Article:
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ELV’s – Did we need them?


A report in News24 suggests that the ELV’s for all its glamour actually failed to deliver on its promise.

The saying all that glitters is not (necessarily) gold aptly applies to the effect of the various sets of Experimental Law Variations (ELVs) used in South Africa in 2008 and also in the Super 14 and Tri-Nations competitions this year.

If this year’s tries and points scored in the three major competitions in which South Africa compete are compared to those of last year, the advantages of the ELVs are only marginal – and the question must be asked whether the upheaval they caused was worth the trouble.

In fact, if the extra time played in the matches because of the purported greater continuity under the ELVs is added into the equation, it may well be found that the number of tries and points scored per minute played have gone down in all instances!

True, statistics are not necessarily exact, and there are the discrepancies brought about last year when the Springboks played their last two Tri-Nations Tests in Australasia with what was a virtual B-side. In the Super 14, New Zealand’s All Blacks were also withdrawn for the first half of the 2007 competition. And this year’s Currie Cup still has two rounds to go with the top sides playing the bottom teams – something that can affect the final analysis of the ELVs.

It is interesting, however, to note that the points scored in the 2007 and 2008 Super 14 competitions differed by only one – 4000 in 2008 and 4001 the previous year Comparisons in the three major international competitions in which South African sides took part in 2007 and 2008 are as follows: Super 14: Points in 91 matches in 2007: 4001 points, ave 43,97 points per match Points in 91 matches in 2008: 4000 points, ave 43,96 points per match Tries in 91 matches in 2007: 426 tries, ave 4,68 tries per match. Tries in 91 matches in 2008: 483 tries, ave 5,31 tries per match Conclusion: 0,61 tries more per match under ELVs


Points in 6 matches in 2007: 242 points, ave 40,33 points per match

Points in 9 matches in 2008: 386 points, ave 42,89 points per match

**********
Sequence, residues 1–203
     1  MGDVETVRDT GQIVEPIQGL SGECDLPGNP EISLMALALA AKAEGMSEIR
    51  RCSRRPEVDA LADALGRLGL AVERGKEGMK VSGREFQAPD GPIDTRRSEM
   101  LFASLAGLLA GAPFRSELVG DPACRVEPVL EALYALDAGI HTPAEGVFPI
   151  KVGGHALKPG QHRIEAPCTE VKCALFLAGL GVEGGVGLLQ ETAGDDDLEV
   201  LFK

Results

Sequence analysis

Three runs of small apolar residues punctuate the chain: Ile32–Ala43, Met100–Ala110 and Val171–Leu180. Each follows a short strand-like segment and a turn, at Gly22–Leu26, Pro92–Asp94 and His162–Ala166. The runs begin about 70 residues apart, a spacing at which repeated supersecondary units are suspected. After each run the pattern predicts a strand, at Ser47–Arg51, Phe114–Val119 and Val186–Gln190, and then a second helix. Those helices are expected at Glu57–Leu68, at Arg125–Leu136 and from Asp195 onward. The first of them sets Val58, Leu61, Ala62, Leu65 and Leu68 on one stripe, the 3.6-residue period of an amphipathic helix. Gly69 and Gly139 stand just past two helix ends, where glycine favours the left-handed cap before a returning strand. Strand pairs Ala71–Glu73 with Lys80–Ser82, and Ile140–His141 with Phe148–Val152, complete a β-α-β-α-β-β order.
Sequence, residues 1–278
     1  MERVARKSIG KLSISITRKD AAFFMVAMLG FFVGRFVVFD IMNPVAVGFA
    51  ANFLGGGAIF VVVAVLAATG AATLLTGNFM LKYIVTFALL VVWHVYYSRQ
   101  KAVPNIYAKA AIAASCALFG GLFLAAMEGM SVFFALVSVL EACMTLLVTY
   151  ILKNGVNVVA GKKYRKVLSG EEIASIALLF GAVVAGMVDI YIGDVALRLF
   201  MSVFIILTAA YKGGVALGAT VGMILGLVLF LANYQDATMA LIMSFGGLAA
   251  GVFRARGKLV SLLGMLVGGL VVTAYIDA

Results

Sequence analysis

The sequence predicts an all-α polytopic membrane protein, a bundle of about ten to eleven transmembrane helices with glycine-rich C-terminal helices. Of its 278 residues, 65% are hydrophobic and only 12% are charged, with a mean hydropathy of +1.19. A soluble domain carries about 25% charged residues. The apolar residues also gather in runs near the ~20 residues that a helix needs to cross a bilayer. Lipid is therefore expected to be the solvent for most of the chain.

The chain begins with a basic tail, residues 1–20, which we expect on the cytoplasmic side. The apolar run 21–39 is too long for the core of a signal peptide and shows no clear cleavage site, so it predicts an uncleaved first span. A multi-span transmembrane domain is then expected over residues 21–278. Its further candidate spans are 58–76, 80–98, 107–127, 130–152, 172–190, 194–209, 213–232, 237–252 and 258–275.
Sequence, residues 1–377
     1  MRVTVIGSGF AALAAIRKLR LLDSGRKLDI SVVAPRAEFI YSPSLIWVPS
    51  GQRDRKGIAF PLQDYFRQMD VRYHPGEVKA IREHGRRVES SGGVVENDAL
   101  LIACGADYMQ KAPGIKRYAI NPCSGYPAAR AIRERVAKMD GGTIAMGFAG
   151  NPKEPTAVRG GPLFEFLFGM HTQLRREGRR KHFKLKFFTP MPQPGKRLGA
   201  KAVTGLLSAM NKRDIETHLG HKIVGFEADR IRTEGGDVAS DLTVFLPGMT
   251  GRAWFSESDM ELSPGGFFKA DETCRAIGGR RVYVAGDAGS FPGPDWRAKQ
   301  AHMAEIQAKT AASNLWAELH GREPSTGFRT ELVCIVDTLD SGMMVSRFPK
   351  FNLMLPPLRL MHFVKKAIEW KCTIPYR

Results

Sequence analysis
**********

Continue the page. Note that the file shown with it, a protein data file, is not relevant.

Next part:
Tries in 6 matches: 19 tries, ave 3,17 tries per match

Tries in 9 matches: 43 tries, ave 4,78 tries per match Conclusion: 1,61 more tries per match under ELVs 2,22 points more per match under ELVs

Currie Cup:

Points in 56 matches in 2007: 3086, ave 55,11 points per match

Points in 48 matches in 2008: 2518, ave 52,46 points per match

Tries in 56 matches in 2007: 387 tries, ave 6,91 tries per match

Tries in 48 matches in 2008: 310 tries, ave 6,46 tries per match Conclusion: 0,46 tries less per match under ELVs 2,65 points less per match under ELVs

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  1. I really don’t know what the big issue is with the ELV’s. As a player I don’t really find them that disturbing or disrupting.

    The number of players in the lineout definitley make the game quicker and allow the ref to look for other things that might have gone unnoticed – Like the bugger that is pulling me down in the lineout.

    The maul has always been pulled down if we are honest about it. And if you organise the maul correctly you can still put 20m drives in.

    As for the 5 yards to the back of the scrum – Well I’m a forward – I don’t give a crap ’bout stuff like that – Those pansies in the back can worry about that.

    The not kickout from the 22 when it is passed back is pretty freakin simple – if you can’t understand that you maybe need a walkman to tell you to breathe in and out.

    What else is new ? Our ref from lastweek Saturday made up a rule on his way to the game – you are not allowed to bridge when one of your players get tackled – if you do it is a penalty. That was a crap one…


  2. The biggest problem lies with
    the way different referees
    handle things like (a) coming in
    from the side (b) not rolling away
    (c) hands in the ruck.

    The ELV’s changed nothing in this

  3. Boertjie

    The refs here in Enland has come up with a solution to (b) – When a guy is getting raked – close your eyes – unless it is on a joint.

    All rules can be bent\ abused by players – the rolling away one – I tackled a guy on Saturday who broke through (yes yes I know – but Miracle’s happen) Very few of my players were onside – I was off my feet – kept my arms around him for about 2 seconds and then rolled towards their side – impeding their scrumhalf and giving my team time to get their lazy asses onside – and the ref told me “Thank you No4 – good rolling away.”


  4. Die afbreek punt lyk soos n waterpolo game….net arms waar jy kyk…

    En die ref moet interpreteer oor wie nou eintlik die kakmaker is …..

  5. TB

    Actually – Yes – I was watching the one All Black prop doing it last week – What is good for them is probably even better for me.

    Do you have my email address ? Pop me a quick one – Want to send you a few pics from our game on Saturday.


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